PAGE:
University of Cambridge > Talks.cam > Isaac Newton Institute Seminar Series > Contributed Talk 6: Carbon source-dependent metabolic costs of amino acid biosynthesis in Escherichia coli

Contributed Talk 6: Carbon source-dependent metabolic costs of amino acid biosynthesis in Escherichia coli

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If you have a question about this talk, please contact Mustapha Amrani.

Understanding Microbial Communities; Function, Structure and Dynamics

Co-authors: Glen D’Souza (Experimental Ecology and Evolution Research Group, Max Planck Institute for Chemical Ecology), Christian Kost (Experimental Ecology and Evolution Research Group, Max Planck Institute for Chemical Ecology), Christoph Kaleta (Theoretical Systems Biology Research Group, FSU Jena)

Bacteria invest a significant proportion of their available energy and resources into the biosynthesis of amino acids, which are required for cell growth and maintenance. As a consequence, the costs of amino acid biosynthesis profoundly limit the growth rate and, hence, the fitness of a bacterial species. Despite the substantial role for the metabolic economics of a cell, little is known about how these costs may shape the dynamics of cooperative cross-feeding interactions in bacterial communities. Here we show that the growth rates of Escherichia coli amino acid auxotrophic strains relative to the growth rate of the E. coli wild type are strongly carbon source-dependent, when amino acid availability is limiting. To understand these differences we developed a computational framework to quantitatively estimate biosynthetic costs of amino acid anabolism. This approach is based on a genome-scale metabolic network of E. coli and essentially estimates the amount of a given carbon source which is needed to synthesize a specific amino acid. The observed carbon source-dependent increase of the auxotroph’s maximum growth rate max with increasing amino acid concentration correlated positively with the predicted biosynthetic costs. We conclude that the differences in the increase of max are due to the metabolic costs, which the auxotrophs save by taking up the focal amino acid from the environment. These findings imply that there is a high potential for mutualistic amino acid cross-feeding interactions to evolve among sympatric populations of the same bacterial species that specialize in the utilization of different substrates when multiple carbon sources are available in the environment.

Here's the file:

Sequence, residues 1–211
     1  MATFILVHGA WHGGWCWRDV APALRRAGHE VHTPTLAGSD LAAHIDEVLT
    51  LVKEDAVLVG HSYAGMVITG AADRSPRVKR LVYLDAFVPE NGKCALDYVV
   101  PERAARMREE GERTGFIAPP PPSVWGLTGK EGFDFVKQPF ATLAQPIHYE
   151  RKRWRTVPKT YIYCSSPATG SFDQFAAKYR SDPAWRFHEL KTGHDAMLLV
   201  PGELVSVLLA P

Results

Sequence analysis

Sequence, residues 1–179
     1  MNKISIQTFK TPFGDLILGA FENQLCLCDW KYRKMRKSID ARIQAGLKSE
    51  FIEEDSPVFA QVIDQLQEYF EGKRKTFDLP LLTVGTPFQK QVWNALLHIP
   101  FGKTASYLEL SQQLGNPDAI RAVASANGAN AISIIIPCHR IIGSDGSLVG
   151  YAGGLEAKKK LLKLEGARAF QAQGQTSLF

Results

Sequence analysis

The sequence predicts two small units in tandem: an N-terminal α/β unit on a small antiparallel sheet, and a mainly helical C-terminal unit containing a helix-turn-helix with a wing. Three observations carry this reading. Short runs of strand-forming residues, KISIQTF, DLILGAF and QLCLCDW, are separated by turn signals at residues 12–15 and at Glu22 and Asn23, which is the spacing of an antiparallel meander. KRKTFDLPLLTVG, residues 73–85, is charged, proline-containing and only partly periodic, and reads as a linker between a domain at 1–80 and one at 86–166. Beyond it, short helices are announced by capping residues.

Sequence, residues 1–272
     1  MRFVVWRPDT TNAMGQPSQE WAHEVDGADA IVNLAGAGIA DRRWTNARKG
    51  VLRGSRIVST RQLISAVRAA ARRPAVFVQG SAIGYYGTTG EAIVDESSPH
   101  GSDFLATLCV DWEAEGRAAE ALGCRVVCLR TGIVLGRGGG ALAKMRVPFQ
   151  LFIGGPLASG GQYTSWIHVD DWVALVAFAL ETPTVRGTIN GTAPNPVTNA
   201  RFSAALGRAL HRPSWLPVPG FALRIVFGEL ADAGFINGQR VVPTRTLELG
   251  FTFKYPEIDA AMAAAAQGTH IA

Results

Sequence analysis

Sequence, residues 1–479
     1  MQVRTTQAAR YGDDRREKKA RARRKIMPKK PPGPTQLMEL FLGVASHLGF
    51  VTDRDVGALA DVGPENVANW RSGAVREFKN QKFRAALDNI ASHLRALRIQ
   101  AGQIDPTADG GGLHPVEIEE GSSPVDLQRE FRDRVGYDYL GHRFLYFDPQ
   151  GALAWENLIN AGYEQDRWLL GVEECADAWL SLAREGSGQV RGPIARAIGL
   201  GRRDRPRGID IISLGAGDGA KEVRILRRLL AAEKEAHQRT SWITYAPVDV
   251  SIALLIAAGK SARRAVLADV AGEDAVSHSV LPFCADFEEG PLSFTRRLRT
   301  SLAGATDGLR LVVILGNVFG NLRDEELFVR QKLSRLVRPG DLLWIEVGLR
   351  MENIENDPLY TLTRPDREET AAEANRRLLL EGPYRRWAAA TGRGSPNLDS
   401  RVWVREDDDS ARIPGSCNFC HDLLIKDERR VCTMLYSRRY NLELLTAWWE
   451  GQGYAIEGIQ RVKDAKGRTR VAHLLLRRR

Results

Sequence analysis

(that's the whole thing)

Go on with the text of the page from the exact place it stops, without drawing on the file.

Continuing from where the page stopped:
This talk is part of the Isaac Newton Institute Seminar Series series.

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